Temple University Japan:
TUJ Distinguished Lecturer Series: Analyzing Rating Data Using a Many-Facet Rasch Measurement Approach
Date: Saturday, October 19th, 2019 Time: 2:00 PM - 5:00 PM
Speaker: Carol Myford (The University of Illinois at Chicago, U.S.A.)
In performance assessment settings, raters use measurement tools such as rating scales or scoring rubrics to evaluate students' performances or products. Raters assign their ratings based upon information that they gather and synthesize as they examine each performance or product. However, by virtue of their being human, raters sometimes unavoidably introduce error (rater effects) into the assessment process. Data analysts can employ a many-facet Rasch measurement (MFRM) approach for analyzing ratings to detect and measure the impact of rater effects such as leniency/severity, central tendency, and halo effect on the ratings. Using the output from these analyses, administrators in charge of monitoring quality control for assessment systems obtain detailed, practical information about how various "facets" (e.g., students, raters, rating criteria) of their assessment systems are performing. They can use that information to help them determine to what extent their systems are under statistical control and to initiate meaningful changes in an effort to improve their systems.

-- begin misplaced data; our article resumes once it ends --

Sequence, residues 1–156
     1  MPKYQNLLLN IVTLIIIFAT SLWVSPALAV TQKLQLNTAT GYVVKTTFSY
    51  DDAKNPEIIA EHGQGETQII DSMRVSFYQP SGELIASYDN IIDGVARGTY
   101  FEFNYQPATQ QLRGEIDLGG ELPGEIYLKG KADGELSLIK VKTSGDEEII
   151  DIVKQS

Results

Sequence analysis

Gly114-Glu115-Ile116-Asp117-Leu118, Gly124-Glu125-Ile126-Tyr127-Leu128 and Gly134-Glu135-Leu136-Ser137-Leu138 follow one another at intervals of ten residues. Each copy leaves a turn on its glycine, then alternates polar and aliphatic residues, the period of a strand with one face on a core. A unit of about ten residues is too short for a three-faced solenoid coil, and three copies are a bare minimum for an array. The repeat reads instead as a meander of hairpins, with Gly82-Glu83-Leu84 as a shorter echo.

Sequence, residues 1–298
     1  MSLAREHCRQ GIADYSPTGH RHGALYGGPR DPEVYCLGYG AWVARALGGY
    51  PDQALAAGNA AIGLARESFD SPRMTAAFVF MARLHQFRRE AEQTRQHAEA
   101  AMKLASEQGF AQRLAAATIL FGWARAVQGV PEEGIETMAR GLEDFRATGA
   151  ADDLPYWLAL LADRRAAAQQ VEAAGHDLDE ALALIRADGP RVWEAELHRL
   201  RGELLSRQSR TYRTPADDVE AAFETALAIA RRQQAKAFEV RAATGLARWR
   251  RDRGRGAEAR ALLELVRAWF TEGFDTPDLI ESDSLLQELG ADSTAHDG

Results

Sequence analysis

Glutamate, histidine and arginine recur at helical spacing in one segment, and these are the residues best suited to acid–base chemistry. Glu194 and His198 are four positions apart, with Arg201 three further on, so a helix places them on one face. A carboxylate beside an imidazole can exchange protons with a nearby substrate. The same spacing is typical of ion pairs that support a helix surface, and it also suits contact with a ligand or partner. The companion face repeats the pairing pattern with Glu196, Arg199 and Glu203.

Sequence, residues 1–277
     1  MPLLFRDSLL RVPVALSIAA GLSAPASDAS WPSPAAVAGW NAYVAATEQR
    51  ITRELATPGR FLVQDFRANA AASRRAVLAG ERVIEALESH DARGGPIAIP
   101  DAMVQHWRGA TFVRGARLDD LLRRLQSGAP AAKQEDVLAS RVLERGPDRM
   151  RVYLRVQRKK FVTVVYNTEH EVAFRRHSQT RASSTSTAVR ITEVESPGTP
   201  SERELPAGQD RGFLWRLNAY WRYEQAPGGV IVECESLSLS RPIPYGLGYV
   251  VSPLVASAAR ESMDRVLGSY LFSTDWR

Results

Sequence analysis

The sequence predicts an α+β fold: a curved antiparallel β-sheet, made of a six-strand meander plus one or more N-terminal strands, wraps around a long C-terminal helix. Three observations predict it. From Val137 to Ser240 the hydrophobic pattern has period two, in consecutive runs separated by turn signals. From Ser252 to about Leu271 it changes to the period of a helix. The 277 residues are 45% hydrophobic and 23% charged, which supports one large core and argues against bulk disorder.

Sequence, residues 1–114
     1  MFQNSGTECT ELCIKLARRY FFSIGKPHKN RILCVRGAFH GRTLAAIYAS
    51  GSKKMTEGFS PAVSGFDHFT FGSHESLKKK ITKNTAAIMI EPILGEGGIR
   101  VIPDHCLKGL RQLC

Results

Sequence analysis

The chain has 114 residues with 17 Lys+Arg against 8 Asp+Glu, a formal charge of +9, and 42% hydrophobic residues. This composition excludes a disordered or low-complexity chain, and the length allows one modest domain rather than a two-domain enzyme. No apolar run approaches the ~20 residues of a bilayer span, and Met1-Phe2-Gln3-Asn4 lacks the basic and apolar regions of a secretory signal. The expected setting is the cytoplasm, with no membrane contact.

This seminar will introduce participants to the many-facet Rasch measurement approach for analyzing ratings. Topics we will cover include the following:
- The role of raters and their influence in open-ended assessments
- Rater effects that can influence ratings
- Statistical approaches that researchers have used to analyze rating data and characterize rater performance
- The conceptual and mathematical foundations of many-facet Rasch measurement
- Group-level and individual-level questions that a MFRM analysis can answer
- Creating a data file for a MFRM analysis
- Preparing a specification file for a MFRM analysis
- Running MFRM analyses and reformatting output
- Creating judging plans
- Making sense of output from MFRM analyses
- MFRM anchoring procedures for equating
- Strategies for resolving disconnected subsets issues
- Conducting bias interaction analyses
- Hybrid MFRM models and their uses
Prerequisite Skills and Knowledge Needed for Seminar: Participation The target seminar participants are researchers, statisticians, data analysts, and advanced graduate students who want to learn how to use many-facet Rasch measurement for analyzing rating data. Having a basic understanding of the conceptual and mathematical foundations of Rasch measurement would be helpful but not required, as would prior experience using Rasch measurement analysis software (e.g., Winsteps).
Organization: Temple University Japan
Venue: Osaka Ekimae Bldg. 3, 21st Floor, 1-1-3-2100 Umeda, Kita-ku, Osaka 530-0001 (map)
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Phone (work): 03-5441-9800